FHS students express their style on the top of their heads

FHS students express their style on the top of their heads

Fairmont students Cydney Richards (sophomore), Madison Combs (sophomore), Kenneth Davis (freshman), Samantha Bennett (sophomore) and Justin Davis (freshman) show off their individual style by the way they wear their hair.

Walk through the front doors of Fairmont High School, and you’ll not only see many different types of people, but also many different types of hair.

Although Fairmont has a few limits on how students can dress, it has no formal policy regarding how they can wear their hair. Students can style, cut and color their hair in ways that show who they really are and how they want to be seen. Total hair freedom is one of the main ways that students can express themselves while at school.

A type of expression

Most students find special ways to express themselves. For some, it’s through art. For others, it may be through sports. But perhaps the most common form of expression — even if not everyone realizes it — is the way people wear their hair.

Junior Morgan “Rylee” Smith says hairstyles help make people unique. “I like seeing other people’s hair because not everyone’s hair is the same,” Smith said.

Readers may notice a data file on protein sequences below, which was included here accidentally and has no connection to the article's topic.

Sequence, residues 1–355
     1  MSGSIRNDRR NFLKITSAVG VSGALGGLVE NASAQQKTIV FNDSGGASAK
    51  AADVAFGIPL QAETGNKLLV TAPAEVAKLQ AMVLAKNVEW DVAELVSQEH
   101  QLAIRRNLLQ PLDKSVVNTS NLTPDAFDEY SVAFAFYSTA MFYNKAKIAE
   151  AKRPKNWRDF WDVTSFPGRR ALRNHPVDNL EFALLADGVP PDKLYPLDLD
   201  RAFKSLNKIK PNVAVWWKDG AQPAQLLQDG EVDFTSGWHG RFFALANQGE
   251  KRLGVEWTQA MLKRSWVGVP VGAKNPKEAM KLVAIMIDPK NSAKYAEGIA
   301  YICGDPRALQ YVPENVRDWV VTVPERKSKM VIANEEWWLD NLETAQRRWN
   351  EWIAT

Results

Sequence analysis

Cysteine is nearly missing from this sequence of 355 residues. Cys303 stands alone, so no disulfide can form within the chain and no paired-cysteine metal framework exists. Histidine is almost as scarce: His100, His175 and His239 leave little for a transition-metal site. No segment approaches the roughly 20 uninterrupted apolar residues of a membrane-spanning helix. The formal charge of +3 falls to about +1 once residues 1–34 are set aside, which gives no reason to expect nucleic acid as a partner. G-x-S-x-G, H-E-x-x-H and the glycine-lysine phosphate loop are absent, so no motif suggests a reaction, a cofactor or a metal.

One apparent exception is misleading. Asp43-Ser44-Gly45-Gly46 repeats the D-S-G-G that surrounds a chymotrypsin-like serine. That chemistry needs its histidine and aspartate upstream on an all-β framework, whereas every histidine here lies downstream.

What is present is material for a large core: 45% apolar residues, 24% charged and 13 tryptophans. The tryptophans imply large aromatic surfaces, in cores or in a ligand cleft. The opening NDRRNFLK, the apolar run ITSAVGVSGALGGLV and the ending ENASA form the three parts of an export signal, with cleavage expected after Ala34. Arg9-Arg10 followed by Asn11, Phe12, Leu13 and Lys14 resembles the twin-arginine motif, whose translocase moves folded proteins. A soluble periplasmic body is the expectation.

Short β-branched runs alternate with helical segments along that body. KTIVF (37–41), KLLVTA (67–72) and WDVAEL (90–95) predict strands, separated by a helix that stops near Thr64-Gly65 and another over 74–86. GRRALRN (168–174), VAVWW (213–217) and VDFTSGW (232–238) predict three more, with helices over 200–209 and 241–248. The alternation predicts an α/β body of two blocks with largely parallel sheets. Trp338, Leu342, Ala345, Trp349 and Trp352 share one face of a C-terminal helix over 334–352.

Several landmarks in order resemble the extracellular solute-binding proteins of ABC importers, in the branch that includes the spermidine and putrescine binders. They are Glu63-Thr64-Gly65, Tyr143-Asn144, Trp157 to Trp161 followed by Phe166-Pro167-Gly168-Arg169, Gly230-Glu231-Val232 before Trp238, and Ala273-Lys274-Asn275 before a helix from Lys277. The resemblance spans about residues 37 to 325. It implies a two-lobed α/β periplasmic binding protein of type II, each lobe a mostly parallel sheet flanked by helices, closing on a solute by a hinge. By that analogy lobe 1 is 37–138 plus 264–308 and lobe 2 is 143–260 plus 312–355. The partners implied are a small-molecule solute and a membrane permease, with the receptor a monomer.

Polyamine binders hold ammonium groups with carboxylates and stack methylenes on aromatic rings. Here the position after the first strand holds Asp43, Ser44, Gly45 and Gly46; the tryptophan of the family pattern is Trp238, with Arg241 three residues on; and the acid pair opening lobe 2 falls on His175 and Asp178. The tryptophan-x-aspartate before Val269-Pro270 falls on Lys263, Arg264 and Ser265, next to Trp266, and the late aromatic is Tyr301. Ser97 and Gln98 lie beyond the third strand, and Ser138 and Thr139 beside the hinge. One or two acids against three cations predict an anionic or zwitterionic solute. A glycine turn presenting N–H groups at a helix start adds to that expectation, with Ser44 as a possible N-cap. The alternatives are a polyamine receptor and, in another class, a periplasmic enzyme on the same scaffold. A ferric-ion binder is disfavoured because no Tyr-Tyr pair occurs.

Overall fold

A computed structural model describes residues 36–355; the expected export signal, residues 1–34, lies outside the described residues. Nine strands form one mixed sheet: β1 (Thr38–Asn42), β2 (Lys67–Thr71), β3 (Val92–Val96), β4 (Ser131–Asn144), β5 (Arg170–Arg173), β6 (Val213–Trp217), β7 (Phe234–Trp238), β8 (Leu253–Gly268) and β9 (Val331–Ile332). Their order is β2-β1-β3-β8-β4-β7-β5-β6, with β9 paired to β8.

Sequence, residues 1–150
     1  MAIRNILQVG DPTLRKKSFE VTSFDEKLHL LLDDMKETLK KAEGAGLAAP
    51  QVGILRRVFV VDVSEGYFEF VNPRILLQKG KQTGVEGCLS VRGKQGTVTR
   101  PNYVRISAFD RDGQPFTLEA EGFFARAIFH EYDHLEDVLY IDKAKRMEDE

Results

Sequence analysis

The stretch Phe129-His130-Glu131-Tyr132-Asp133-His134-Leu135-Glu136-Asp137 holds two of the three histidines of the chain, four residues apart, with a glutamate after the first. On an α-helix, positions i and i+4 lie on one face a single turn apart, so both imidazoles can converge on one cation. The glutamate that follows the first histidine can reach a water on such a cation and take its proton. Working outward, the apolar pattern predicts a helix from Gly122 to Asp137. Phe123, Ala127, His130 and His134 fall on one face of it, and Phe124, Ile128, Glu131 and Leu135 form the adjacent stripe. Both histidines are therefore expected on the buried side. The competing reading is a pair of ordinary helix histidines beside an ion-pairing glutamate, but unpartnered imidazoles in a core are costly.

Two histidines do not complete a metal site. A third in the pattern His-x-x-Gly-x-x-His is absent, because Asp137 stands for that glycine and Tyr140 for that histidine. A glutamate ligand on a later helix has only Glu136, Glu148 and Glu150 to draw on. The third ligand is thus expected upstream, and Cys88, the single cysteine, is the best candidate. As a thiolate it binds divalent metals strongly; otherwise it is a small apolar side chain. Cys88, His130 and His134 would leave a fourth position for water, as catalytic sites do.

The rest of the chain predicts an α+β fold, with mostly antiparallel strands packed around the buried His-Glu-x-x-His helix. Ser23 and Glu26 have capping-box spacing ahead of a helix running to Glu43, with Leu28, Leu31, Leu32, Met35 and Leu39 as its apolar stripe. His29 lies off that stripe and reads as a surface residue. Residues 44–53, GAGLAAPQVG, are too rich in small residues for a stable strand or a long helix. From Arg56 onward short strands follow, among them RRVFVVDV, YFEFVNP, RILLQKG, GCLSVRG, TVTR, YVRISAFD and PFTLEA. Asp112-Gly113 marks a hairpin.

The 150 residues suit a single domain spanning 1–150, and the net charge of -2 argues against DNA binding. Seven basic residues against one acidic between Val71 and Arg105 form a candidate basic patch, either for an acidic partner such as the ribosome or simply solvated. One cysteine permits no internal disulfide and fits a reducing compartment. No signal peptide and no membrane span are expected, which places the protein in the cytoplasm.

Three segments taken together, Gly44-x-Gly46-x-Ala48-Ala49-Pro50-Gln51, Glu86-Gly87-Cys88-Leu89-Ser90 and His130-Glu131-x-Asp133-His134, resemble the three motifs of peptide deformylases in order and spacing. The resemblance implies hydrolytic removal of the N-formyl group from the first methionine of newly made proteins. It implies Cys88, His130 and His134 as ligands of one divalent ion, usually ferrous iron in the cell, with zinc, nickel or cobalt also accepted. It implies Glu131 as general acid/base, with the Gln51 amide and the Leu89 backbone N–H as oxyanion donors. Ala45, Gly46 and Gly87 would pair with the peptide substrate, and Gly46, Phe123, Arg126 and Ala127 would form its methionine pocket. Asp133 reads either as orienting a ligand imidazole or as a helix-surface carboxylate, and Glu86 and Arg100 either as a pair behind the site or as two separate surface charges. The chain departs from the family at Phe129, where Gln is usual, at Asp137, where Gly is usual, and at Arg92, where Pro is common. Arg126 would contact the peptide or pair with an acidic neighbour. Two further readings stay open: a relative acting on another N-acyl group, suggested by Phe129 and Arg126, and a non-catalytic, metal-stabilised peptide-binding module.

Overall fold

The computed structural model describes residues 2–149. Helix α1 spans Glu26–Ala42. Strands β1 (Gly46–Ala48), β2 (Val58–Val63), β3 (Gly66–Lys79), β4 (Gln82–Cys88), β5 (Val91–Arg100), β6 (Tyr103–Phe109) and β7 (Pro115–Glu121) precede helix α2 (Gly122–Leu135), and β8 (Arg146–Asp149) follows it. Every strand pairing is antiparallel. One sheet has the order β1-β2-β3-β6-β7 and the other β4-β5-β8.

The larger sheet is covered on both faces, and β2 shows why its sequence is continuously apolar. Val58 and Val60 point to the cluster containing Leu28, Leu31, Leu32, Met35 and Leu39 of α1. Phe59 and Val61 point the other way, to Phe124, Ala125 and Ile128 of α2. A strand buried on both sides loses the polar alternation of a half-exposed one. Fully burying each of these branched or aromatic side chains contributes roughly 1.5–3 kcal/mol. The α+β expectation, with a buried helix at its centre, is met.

The media has taught us to see different hairstyles in different ways. Ponytails are often associated with sports-oriented girls, but they’re are also seen as an indication that a girl is having a bad hair day or just didn’t have time to do anything with it that morning. Guys involved in sports are often portrayed with short hair or even buzz-cuts.

Whether these examples apply to all students or not, teens can find individuality by the way they style their hair.

Freedom to choose

Fairmont allows its students to wear their hair however they want. They can dye it rainbow colors or shave one side of their head. Junior Connor Young enjoys the feeling of individuality. “I like wearing my hair however I wish,” he said. “It ensures that we don’t all look the same.”

Despite the school’s lack of rules regarding hair, some students say they’re limited by parental rules. Junior Maryn Moor is experiencing that first-hand. “I don’t have the freedom to wear my hair however I want,” she said.

And not every student is impressed by Fairmont’s stance on hair freedom. “It can be very distracting,” said junior Mary Shampton, referring to how some students dye their hair wild colors. “The hair here at Fairmont is ridiculous. I don’t think people should be able to wear their hair however they want. It’s distracting, ridiculous and downright annoying.”

Change of image

It is not uncommon to be unhappy with your natural hair. People are always changing colors and styles to fit their personalities. Sometimes girls with naturally straight hair long for curls, while some girls with naturally curly hair tend to straighten theirs.

Shampton admits to dying her hair. “I dye my hair blonde because it got really dark when I was younger, so I chose to go lighter to make it look better,” she said.

But clearly not all students choose to stick with the natural color look. It is just another example of how hair is a form of expression.

Though she isn’t allowed to color her hair now, Moor isn’t ruling out the possibility of dying it in the future. “Maybe I will when I’m in college,” she said.